May Harding: the Woman who helped make Broken Hill the Art Capital of Outback Australia
Some weeks back one of our subscribers, South Australian artist John Wylie, alerted me to the contribution the relatively unknown May Harding had played in many aspects of life in Broken Hill especially in the artistic fields. I contacted John Pickup OAM, one of the famous Brushmen of the Bush from Broken Hill, to find out what he knew about May Harding and he endorsed what many others have said: May Harding was instrumental in establishing Broken Hill as the home of Australian outback art.
Thanks to Eileen Wright, Collection Project Manager at the Broken Hill Regional Gallery, we have been able to locate many more works by May Harding - a selection of which we are going to showcase in this post.
Please see the footnote re copyright on the images.*
The painting above of Broken Hill Nocturne holds great significance to the story of May Harding. This painting hangs in the Broken Hill Regional Gallery and it is one of only two paintings by May Harding that we have been able to locate, as an image, on the internet. Sadly, the lack of an internet artistic footprint is the fate for many of the artists around the world who made their contribution to the art scene in pre-internet days. The AnArt4Life blog aims to rectify this where at all possible by publicising the works and stories of unknown and forgotten artists. Today we shine the spotlight on May Harding.
Turning the clock back we find that in 1908 in the mining town of Silverton, NSW a child was born and called Florence May Harding. When still a child, May Harding (as she was called) moved with her family the 20 kilometres to the mining town of Broken Hill in far western New South Wales.
May lived all her life in the family home in Broken Hill. As she never married she dedicated herself to passions which can be grouped into: collecting and identifying the native flora of the arid region west of the Darling River; teaching art and being engaged in a great variety of artistic activities; and helping those in need.2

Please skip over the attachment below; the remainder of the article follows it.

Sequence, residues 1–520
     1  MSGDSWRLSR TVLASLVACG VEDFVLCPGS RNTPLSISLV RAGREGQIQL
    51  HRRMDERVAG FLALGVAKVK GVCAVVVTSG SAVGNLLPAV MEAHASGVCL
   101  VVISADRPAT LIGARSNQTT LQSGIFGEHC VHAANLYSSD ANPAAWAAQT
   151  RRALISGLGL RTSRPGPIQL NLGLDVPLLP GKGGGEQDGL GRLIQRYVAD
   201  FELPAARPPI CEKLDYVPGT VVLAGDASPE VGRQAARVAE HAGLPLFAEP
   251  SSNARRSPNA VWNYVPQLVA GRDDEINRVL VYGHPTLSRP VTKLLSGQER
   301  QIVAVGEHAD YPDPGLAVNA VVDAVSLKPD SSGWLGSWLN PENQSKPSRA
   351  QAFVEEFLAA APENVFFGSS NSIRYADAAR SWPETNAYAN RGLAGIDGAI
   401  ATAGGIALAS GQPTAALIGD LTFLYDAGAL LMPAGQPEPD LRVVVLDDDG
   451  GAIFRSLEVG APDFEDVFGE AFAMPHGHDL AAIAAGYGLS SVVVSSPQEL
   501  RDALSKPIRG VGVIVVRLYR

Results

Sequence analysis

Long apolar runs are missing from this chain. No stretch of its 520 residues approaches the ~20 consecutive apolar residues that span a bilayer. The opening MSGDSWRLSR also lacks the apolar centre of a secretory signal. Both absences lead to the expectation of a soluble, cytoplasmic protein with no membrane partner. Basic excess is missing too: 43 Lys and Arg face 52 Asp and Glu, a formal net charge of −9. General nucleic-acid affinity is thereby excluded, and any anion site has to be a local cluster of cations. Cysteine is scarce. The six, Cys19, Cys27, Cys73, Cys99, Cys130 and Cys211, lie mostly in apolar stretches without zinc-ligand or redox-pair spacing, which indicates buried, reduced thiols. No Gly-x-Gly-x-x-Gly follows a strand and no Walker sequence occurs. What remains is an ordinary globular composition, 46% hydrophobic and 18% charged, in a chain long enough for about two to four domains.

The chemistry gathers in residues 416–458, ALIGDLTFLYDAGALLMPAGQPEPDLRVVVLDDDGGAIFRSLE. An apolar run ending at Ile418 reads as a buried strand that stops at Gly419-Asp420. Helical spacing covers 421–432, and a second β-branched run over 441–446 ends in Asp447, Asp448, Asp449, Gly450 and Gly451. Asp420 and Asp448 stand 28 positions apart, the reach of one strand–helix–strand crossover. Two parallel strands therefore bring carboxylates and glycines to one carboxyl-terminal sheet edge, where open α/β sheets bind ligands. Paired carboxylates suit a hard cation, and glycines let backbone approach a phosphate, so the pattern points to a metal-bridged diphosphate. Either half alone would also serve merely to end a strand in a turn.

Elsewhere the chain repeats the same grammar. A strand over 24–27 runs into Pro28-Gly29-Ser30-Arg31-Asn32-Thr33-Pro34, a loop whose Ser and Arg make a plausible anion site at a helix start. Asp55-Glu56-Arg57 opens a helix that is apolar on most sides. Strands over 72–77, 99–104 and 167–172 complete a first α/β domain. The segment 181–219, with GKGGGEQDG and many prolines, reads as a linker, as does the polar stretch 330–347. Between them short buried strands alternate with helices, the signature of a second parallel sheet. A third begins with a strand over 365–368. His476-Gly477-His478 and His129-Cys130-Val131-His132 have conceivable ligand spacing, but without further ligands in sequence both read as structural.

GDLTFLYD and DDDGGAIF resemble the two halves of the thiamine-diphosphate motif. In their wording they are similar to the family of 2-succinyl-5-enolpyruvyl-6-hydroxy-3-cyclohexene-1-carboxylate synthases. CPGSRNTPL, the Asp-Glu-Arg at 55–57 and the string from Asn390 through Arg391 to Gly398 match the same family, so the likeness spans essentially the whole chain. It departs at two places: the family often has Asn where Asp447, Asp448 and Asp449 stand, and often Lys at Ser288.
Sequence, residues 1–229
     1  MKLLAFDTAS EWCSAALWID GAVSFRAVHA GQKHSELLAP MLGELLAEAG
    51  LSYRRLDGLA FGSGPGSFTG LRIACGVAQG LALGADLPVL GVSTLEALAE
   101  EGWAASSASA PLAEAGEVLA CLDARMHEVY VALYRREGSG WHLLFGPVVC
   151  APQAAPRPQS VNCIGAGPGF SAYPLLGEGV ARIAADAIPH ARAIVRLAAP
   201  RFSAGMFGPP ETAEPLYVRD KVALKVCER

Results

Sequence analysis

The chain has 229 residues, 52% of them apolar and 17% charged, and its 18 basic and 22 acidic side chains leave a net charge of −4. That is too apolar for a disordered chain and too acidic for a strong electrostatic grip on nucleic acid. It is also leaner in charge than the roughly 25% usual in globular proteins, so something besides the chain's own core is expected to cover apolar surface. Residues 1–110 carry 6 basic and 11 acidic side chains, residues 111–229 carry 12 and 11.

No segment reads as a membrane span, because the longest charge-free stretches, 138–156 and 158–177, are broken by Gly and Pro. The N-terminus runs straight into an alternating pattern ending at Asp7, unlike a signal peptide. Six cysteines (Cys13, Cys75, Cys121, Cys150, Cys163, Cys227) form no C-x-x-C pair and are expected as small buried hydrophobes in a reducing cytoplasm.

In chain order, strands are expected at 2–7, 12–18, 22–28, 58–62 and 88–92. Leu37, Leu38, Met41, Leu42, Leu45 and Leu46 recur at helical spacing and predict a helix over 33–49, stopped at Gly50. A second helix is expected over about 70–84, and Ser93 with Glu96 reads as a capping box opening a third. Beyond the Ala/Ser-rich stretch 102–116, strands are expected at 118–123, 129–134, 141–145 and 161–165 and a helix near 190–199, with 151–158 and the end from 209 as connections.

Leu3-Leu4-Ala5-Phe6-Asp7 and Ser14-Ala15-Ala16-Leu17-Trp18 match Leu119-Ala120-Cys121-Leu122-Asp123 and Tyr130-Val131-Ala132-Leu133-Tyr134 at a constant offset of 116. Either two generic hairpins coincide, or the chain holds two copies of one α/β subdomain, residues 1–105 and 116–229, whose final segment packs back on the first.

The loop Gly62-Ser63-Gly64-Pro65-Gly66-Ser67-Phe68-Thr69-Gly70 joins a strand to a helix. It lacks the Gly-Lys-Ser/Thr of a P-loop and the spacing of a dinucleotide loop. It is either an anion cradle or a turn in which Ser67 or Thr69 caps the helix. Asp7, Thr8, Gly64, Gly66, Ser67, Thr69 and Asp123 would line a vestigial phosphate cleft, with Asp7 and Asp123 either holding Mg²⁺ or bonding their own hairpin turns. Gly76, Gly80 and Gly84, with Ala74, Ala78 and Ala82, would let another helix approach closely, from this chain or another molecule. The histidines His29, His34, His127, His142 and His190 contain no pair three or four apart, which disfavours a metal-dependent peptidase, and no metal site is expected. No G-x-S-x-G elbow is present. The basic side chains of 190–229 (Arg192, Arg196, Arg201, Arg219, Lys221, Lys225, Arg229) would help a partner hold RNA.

Apparently May did study for a short period in Sydney at the National Art School (below) with Douglas Robert Dundas (1900-1981)2. But apart from this she was self taught in all her fields of interest.
Early in life May developed a passion for the native flora of the arid West Darling region, collecting and identifying plants. Self-taught in botany, she combined this attraction with art, and as early as 1922 she began exhibiting paintings of wildflowers.2
I have found an image of the Barrier Field Naturalists Special Prize certificate May was awarded in 1922 when she would have been 14 years old, evidence of her early passion for learning about the flora of this area.
In the 1930s May's interest in the native vegetation of the Broken Hill region was further spurred by the actions of Albert Morris, who was determined to control the city's dust problem. Morris was in 1918 the inaugural Secretary of the Barrier Field Naturalists' Club, a position subsequently held by May Harding, her membership spanning 45 years.2
In February 2020, the Barrier Field Naturalists’ Club celebrated 100 years of continuous community service and caring for our natural environment. The Barrier Daily Truth recognised this centential achievement and May Harding's 1922 award in the article Nature pioneers mark centenary.
In this role she was adept as organiser, researcher, librarian, and speaker at Club meetings, as well as leading numerous field excursions, both within the district and further, such as the Flinders Ranges. In 1944 she was a member of The Sturt Memorial Committee of the Barrier Field Naturalists' Club, contributing botanical artwork and editorial material for their commemoration booklet, Sturt 1844 - 1944. In 1946 she was made an honorary member of the North Queensland Naturalists' Club. By 1950 she had Australia-wide botanical connections, recognising her expertise in the botany of arid and semi-arid lands.2